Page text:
Acts 20:13

Acts 20:13

And we went before to ship
That is, Luke, the writer of this history, and the rest of the apostle's company, went before him to a ship, which lay at Troas, and went aboard it:

and sailed unto Assos;
a city of Aeolia, or Mysia; and is said by Pliny to be the same with Apollonia; and which he places on the sea shore, where it is evident this Assos was. His words are F13,

``on the shore Antandros, formerly called Edonis, then Cimmeris and Assos, the same with Apollonia.''

And in another place F14 he calls it Assos of Troas; and says of it, that about Assos of Troas a stone grows, by which all bodies are consumed, and is called "sarcophagus", (a flesh devourer,) of which he also makes mention elsewhere F15, and observes, that in Assos of Troas the stone sarcophagus is cut in the pits, in which the bodies of the dead being put, are consumed within forty days, excepting their teeth: and with him Jerom F16 agrees, as to the name and situation of this place, who says that Assos is a maritime city of Asia, the same that is called Apollonia. It is represented by Strabo
FOOTNOTES:

F17 as a place very much fortified by art, and very difficult of ascent on that part which lies to the sea; unless another Assos in Lycia is designed by him: if this was the situation of the Assos in the text, it seems to furnish us with a reason, from the nature of the place, why the apostle chose to go on foot thither. Pausanias
F18 speaks of it as in Troas, and near Mount Ida. Sodamos of Assos in Troas, which lies near Ida, was the first of the Aeolians, who conquered in the Olympic race of the boys. In this place was born the famous philosopher Cleanthes, a disciple and successor of Zeno; hence he is called Cleanthes the Assian F19. No mention is made of the Gospel being preached here, or of any church until the eighth century, when John, bishop of Assos, is said to be in the Nicene council F20. Some exemplars read Thassos, as the Syriac and Arabic versions seem to have done:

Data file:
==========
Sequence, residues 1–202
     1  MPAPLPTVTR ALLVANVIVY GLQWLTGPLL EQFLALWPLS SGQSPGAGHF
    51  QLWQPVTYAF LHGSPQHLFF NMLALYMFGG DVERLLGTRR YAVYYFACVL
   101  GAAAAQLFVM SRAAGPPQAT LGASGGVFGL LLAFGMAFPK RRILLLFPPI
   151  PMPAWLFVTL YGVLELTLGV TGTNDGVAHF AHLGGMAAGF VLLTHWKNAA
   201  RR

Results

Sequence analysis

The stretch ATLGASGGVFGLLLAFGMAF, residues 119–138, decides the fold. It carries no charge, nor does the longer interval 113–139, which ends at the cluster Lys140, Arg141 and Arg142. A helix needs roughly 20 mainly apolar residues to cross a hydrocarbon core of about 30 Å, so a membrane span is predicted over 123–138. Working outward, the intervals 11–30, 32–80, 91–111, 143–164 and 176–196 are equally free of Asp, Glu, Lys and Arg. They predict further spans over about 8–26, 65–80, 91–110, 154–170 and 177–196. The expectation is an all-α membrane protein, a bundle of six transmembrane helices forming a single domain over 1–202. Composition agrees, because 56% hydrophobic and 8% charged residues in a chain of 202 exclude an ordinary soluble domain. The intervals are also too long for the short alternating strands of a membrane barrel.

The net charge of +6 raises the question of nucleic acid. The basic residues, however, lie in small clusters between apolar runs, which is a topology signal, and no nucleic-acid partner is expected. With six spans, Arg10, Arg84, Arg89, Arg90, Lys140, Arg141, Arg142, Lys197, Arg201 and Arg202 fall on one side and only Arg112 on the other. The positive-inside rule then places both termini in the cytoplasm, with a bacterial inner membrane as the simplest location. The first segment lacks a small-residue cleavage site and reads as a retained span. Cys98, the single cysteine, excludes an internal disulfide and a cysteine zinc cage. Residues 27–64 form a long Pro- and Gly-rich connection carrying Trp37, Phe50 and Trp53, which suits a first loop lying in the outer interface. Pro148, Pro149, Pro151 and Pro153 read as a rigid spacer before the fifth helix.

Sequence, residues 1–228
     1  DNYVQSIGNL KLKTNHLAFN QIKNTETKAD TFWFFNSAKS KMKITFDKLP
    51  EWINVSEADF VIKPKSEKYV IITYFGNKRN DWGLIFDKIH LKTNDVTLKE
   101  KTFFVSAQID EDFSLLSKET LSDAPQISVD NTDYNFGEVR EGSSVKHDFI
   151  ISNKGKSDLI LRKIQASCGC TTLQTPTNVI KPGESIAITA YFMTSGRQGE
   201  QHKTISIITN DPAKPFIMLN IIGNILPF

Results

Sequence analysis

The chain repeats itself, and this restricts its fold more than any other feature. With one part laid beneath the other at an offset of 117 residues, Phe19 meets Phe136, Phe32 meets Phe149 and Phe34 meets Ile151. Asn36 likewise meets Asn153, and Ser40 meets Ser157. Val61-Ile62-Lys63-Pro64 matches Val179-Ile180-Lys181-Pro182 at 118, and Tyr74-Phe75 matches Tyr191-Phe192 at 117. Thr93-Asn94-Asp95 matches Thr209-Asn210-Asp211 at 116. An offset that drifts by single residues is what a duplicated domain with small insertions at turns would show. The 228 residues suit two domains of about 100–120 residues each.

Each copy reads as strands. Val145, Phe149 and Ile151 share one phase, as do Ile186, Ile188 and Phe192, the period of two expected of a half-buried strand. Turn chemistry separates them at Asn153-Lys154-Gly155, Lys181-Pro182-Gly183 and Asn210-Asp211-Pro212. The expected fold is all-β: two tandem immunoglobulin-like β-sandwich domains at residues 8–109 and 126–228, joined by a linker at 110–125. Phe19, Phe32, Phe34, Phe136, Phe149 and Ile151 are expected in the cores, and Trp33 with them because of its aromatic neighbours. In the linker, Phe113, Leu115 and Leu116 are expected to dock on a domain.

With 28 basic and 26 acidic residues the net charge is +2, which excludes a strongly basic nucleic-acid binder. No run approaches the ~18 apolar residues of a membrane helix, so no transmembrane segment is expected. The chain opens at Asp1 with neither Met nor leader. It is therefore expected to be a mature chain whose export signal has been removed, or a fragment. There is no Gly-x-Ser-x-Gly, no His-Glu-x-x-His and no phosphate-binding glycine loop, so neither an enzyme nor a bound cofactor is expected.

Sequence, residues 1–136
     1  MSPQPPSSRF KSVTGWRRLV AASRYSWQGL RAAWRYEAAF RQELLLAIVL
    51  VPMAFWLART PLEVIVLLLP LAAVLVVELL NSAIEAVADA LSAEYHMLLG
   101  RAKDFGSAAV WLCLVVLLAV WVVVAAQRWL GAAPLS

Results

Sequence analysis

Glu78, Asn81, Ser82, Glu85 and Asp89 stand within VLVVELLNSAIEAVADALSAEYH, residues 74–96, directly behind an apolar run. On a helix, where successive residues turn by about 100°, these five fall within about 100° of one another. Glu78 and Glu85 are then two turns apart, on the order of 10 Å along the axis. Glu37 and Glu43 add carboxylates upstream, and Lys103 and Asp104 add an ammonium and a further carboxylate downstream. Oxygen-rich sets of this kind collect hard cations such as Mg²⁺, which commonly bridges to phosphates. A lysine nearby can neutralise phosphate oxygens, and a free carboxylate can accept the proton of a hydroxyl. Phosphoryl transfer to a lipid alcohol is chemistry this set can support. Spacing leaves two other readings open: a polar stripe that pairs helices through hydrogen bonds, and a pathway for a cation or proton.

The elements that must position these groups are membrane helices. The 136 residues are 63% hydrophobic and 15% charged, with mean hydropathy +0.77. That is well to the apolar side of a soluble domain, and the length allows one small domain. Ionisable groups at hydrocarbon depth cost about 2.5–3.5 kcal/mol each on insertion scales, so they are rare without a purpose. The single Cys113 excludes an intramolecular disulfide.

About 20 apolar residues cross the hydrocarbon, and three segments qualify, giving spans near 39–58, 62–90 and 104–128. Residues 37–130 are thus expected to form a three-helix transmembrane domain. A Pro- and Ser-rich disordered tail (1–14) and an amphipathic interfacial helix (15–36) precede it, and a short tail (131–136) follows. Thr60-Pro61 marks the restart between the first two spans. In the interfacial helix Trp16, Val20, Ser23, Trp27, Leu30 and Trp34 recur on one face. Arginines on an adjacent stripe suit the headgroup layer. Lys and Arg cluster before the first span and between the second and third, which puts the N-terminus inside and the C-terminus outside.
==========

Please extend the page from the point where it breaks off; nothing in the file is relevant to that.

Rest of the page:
there intending to take in Paul;
who stayed behind, willing to have a little more Christian conversation with the saints at Troas.

For so had he appointed;
that these should go before hand to Assos, and meet him there, and take him in:

minding himself to go afoot;
from Troas to Assos, which were not very far off from one another; hence Assos is, by Pliny, called Assos of Troas; and by Pausanias, Assos, which is in Troas; that is, in the country of Troas, as before observed: what was his reason for going by foot thither, is not very evident; whether that he might have the opportunity of conversing with the disciples of Troas, who might accompany him thither; or whether that he might be alone, and have leisure for private meditation, and free converse with God.


F13 Nat. Hist, l. 5. c. 30.
F14 Nat. Hist. l. 2. c. 96.
F15 Ib. l. 36. c. 17.
F16 De locis Hebraicis, fol. 95. K.
F17 Geograph. l. 13.
F18 Eliac. 2. sive l. 6. p. 351.
F19 Laert. Vit. Philosoph. l. 7. p. 541.
F20 Magdeburg. Hist. Eccl. cent. 8. c. 2. p. 5.

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